We are committed to sharing information openly in order to help the industry guard against similar attacks in the future and create safer environments for customers. For instance, given that software development and build processes are generally quite common throughout the industry, we promptly shared information about the novel malicious code injector (SUNSPOT) we found so that other companies could check their software build environments and make any updates necessary to protect themselves. We published these details about the build manipulation activity in our January 11 blog post
. Our partner CrowdStrike also published additional details related to this activity in a blog post
published the same day.
We continue to put a priority on our investigations to ensure we fully understand all elements of this sophisticated attack and can share our learnings with our customers and the broader community. We firmly believe the best way for the industry to prepare for and prevent attacks of these types in the future is to communicate openly and work together.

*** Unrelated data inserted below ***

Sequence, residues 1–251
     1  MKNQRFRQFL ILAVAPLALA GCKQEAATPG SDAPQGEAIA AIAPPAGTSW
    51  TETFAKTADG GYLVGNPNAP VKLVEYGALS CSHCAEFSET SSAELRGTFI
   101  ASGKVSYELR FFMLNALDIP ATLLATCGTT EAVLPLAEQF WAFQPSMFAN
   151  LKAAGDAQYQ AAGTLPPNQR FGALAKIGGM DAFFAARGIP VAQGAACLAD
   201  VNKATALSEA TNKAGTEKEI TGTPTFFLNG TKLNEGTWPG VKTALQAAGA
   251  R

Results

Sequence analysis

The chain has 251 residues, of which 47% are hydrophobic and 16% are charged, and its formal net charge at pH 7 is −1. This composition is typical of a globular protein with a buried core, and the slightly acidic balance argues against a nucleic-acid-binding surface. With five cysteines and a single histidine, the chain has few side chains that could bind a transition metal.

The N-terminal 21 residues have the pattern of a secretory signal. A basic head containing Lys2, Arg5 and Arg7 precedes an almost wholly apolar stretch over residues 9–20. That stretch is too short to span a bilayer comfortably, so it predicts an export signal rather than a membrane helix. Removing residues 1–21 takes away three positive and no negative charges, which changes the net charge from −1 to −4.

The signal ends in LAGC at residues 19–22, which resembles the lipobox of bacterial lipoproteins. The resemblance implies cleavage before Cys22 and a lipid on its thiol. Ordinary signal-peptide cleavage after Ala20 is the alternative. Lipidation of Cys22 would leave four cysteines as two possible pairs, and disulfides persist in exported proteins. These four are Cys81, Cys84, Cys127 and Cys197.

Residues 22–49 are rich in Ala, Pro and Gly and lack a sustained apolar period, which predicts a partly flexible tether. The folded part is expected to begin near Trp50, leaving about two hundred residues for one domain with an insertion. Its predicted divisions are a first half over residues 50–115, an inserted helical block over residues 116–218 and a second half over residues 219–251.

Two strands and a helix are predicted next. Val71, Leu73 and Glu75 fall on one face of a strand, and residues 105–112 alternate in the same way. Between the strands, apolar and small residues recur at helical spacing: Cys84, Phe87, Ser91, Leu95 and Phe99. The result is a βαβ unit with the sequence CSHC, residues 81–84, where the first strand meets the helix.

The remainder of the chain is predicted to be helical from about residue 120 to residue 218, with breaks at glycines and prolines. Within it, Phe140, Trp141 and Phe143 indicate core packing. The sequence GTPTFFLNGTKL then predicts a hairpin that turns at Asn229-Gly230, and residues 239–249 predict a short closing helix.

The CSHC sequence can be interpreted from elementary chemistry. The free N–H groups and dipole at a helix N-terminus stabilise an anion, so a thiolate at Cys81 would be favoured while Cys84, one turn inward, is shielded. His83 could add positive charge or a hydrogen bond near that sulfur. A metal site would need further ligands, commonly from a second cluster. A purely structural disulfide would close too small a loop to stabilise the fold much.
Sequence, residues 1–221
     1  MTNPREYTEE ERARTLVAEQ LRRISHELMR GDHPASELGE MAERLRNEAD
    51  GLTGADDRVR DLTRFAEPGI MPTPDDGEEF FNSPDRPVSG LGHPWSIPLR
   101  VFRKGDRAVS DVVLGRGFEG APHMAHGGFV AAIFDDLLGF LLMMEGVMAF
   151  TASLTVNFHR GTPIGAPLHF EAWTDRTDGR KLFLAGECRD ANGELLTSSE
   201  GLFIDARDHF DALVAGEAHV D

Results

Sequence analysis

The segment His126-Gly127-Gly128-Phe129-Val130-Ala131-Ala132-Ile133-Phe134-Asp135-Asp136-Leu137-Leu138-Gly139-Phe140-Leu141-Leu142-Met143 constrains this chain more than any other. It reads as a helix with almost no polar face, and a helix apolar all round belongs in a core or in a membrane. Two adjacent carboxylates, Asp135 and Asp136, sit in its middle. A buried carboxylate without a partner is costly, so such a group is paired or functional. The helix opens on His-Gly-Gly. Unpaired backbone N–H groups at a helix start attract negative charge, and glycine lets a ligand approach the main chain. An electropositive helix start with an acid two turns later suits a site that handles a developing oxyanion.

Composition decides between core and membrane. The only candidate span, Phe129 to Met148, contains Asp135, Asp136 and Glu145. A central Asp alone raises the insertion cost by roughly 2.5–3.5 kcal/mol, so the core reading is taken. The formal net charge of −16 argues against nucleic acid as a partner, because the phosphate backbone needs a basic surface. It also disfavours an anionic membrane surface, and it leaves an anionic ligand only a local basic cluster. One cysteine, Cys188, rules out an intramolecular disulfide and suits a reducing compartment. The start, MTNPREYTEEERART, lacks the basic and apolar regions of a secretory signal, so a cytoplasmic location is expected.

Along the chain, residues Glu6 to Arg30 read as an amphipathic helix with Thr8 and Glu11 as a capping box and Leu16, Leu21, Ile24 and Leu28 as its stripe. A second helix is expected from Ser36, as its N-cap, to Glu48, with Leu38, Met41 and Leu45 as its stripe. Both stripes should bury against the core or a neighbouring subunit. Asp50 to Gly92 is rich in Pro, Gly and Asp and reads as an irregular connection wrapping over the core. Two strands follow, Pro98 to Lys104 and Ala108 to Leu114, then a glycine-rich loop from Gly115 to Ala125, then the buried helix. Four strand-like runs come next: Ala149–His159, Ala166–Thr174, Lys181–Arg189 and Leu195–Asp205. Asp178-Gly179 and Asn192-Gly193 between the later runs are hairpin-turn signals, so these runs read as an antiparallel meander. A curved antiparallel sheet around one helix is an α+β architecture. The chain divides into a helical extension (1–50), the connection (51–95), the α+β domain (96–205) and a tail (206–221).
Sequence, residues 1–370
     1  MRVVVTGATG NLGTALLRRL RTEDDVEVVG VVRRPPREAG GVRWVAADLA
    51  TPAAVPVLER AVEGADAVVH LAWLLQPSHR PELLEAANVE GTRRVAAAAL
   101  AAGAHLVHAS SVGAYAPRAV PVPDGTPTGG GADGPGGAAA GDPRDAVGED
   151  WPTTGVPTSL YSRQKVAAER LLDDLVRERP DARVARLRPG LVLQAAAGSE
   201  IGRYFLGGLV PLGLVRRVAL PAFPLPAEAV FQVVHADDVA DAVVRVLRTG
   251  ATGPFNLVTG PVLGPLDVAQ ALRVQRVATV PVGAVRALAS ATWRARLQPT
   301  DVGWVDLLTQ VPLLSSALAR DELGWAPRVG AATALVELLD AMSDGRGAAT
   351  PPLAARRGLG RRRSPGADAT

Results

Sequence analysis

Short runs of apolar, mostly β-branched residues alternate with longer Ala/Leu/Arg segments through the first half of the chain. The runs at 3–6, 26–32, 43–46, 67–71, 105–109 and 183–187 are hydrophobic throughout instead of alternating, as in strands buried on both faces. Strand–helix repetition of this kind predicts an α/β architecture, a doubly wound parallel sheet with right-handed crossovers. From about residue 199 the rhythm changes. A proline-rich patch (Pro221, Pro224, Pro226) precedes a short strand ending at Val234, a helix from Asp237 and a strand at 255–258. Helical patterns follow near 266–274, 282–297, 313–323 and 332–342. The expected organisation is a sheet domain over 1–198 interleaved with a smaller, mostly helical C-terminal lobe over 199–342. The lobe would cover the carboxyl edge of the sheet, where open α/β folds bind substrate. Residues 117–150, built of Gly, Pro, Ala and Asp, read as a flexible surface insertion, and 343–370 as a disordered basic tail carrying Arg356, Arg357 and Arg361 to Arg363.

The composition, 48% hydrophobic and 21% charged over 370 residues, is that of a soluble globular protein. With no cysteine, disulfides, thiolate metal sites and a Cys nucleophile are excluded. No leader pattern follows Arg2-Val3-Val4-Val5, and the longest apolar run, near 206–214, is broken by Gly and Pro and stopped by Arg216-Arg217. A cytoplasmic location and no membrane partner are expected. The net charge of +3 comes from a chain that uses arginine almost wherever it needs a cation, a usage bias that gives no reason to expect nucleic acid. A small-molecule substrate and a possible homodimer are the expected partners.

This Blog Post contains “forward-looking” statements, which are subject to the safe harbor provisions of the Private Securities Litigation Reform Act of 1995, as well as statements regarding SolarWinds’ investigation into the recent SUBURST attack, the high-level timeline provided above and the company’s findings to date, SolarWinds’ understanding of the nature, source and duration of the attack and SolarWinds’ plans to further investigate the attack, ensure our products and internal systems are secure and provide information regarding its findings. The information in this Blog Post is based on management's beliefs and assumptions and on information currently available to management, which may change as SolarWinds continues to address the vulnerability in its products, investigate the SUNBURST attack and related matters and as new or different information is discovered about these matters or generally. Forward-looking statements include all statements that are not historical facts and may be identified by terms such as "aim," "anticipate," "believe," "can," "could," "seek," "should," "feel," "expect," "will," "would," "plan," "intend," "estimate," "continue," "may," or similar expressions and the negatives of those terms. Forward-looking statements involve known and unknown risks, uncertainties and other factors that may cause actual results, performance or achievements to be materially different from any future results, performance or achievements expressed or implied by the forward-looking statements. Factors that could cause or contribute to such differences include, but are not limited to, (a) the discovery of new or different information regarding the SUNBURST attack and related security incidents or of additional vulnerabilities within, or attacks on, SolarWinds’ products, services and systems, (b) the possibility that SolarWinds’ mitigation and remediation efforts with respect to the SUNBURST attack and related security incidents may not be successful, (c) the possibility that customer, personnel or other data was exfiltrated as a result of the SUNBURST attack and related security incidents, (d) numerous financial, legal, reputational and other risks to SolarWinds related to the SUNBURST attack and related security incidents, including risks that the incidents may result in the loss, compromise or corruption of data, loss of business, severe reputational damage adversely affecting customer or vendor relationships and investor confidence, U.S. or foreign regulatory investigations and enforcement actions, litigation, indemnity obligations, damages for contractual breach, penalties for violation of applicable laws or regulations, significant costs for remediation and the incurrence of other liabilities, (e) risks that SolarWinds’ insurance coverage, including coverage relating to certain security and privacy damages and claim expenses, may not be available or sufficient to compensate for all liabilities SolarWinds incurs related to these matters, (f) the possibility that SolarWinds’ steps to secure its internal environment, improve its product development environment and ensure the security and integrity of the software that it delivers to customers may not be successful or sufficient to protect against threat actors or cyberattacks and (g) such other risks and uncertainties described more fully in documents filed with or furnished to the U.S. Securities and Exchange Commission by SolarWinds, including the risk factors discussed in SolarWinds’ Annual Report on Form 10-K for the period ended December 31, 2019 filed on February 24, 2020, its Quarterly Report on Form 10-Q for the quarter ended March 31, 2020 filed on May 8, 2020, its Quarterly Report on Form 10-Q for the quarter ended June 30, 2020 filed on August 10, 2020 and its Quarterly Report on Form 10-Q for the quarter ended September 30, 2020 filed on November 5, 2020. All information provided in this Blog Post is as of the date hereof and SolarWinds undertakes no duty to update this information except as required by law.